Key antidepressant ingredient contributing to antibiotic-resistant superbug

Key antidepressant ingredient contributing to antibiotic-resistant superbug
Scientists have discovered a key ingredient in the most widely used antidepressants may be contributing to the antibiotic resistant superbug that has spread through hospitals across the world.

Bacteria has become increasingly resistant to antibiotics in recent years, which is generally thought to be down to overusing of the drugs. However, it seems other medications may be contributing to the weakening effect.

Researchers from Australia’s University of Queensland discovered the drug fluoxetine, which is a selective serotonin reuptake inhibitor (SSRI) commonly found in antidepressants like Prozac and Sarafem, can reduce antibiotic capabilities.

The team stumbled upon the discovery after their previous study found triclosan, a common ingredient in toothpaste and hand wash, “can directly induce antibiotic resistance”.  

"We wondered whether other non-antibiotic pharmaceuticals such as fluoxetine can directly induce antibiotic resistance,"said engineer Jiahua Guo from the university’s Advanced Water Management Centre.

Researchers found up to 11 percent of the fluoxetine dose a patient takes travels through the body unchanged and is eventually emitted via urine.

“Fluoxetine is a very persistent and well-documented drug in the wider environment, where strong environmental levels can induce multi-drug resistance,” said Guo. “This discovery provides strong evidence that fluoxetine directly causes multi-antibiotic resistance via genetic mutation.”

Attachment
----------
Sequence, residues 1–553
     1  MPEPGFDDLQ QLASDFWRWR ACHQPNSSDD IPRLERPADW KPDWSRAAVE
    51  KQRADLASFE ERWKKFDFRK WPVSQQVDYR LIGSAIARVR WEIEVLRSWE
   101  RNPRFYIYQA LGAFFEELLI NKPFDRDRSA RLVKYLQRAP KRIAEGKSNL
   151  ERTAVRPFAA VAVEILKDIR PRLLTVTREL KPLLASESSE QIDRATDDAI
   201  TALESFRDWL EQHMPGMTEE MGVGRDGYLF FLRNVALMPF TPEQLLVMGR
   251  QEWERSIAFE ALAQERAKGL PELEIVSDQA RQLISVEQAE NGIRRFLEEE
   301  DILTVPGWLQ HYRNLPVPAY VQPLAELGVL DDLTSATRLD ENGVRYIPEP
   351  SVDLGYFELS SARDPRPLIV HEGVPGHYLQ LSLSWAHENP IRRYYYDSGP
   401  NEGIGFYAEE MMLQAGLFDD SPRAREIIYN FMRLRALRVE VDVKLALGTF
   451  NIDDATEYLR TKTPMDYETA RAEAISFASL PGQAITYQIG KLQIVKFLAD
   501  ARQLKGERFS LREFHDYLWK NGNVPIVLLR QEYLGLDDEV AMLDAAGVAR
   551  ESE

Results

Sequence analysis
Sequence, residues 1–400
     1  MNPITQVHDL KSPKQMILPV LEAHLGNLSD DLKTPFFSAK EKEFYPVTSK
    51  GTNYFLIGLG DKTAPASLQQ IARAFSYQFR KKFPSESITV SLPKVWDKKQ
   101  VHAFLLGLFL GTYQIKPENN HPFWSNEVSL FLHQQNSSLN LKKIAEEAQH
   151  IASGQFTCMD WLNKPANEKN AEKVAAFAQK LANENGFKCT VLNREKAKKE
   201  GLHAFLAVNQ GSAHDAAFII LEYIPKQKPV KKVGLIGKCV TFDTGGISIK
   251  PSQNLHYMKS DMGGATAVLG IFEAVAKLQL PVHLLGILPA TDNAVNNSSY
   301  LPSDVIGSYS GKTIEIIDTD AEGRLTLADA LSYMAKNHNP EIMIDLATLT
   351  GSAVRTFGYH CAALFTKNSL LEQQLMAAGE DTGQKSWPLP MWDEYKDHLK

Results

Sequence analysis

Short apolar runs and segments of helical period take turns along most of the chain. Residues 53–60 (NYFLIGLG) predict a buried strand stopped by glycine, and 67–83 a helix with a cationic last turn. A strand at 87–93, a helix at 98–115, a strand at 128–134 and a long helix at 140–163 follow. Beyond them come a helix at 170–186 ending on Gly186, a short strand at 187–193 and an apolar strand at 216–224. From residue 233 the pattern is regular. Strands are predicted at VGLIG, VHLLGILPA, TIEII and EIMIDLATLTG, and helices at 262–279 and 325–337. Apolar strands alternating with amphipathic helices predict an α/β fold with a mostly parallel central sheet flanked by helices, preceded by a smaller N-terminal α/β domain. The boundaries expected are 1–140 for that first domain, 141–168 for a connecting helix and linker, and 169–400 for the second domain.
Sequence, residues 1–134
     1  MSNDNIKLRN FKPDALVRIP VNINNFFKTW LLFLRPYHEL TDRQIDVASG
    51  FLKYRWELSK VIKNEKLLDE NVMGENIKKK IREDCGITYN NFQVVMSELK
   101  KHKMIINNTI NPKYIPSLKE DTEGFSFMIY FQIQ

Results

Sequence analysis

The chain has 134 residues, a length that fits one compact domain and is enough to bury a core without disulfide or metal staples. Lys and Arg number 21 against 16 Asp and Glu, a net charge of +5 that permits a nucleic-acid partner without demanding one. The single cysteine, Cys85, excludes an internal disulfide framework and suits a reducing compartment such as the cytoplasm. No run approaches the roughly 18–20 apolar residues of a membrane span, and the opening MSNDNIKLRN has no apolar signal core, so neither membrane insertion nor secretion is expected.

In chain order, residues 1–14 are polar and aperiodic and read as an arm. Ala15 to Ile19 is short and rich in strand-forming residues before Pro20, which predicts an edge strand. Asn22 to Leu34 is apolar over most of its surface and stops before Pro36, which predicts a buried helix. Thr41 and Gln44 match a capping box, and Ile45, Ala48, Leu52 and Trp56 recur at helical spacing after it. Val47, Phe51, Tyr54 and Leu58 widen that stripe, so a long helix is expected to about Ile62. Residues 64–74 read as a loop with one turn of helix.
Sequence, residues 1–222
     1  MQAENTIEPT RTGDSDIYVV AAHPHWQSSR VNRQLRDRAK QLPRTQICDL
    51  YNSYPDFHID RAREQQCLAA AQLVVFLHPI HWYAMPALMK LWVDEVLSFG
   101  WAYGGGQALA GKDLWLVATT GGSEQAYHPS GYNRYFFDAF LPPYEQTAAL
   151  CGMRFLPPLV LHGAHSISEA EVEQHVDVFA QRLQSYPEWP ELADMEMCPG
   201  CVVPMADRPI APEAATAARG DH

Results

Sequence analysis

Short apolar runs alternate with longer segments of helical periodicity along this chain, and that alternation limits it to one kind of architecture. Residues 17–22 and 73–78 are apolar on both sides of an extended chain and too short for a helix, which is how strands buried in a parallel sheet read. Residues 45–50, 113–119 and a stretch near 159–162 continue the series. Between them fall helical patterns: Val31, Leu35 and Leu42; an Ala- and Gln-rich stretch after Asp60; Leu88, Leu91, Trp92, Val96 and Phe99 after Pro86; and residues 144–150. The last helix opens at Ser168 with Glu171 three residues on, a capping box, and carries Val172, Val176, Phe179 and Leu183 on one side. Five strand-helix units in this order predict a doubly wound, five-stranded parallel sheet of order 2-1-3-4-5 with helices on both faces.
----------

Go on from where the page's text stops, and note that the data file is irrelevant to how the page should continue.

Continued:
Dr. Guo’s fellow researcher, Dr Min Jin, said in the laboratory, the higher the exposure of fluoxetine, the faster the fluoxetine traveled with time.

“It has previously been an invisible factor in the spread of antibiotic resistance, but we should consider this a warning,” added Min.

About 700,000 people are dying each year from antibiotic-resistant diseases, a figure that is expected to reach 10 million by 2050 unless global action is taken immediately.

The team behind the study, which was published in the journal Environment International, say further work is required outside of the lab to investigate effects of fluoxetine impacts the microbiome inside the human body.

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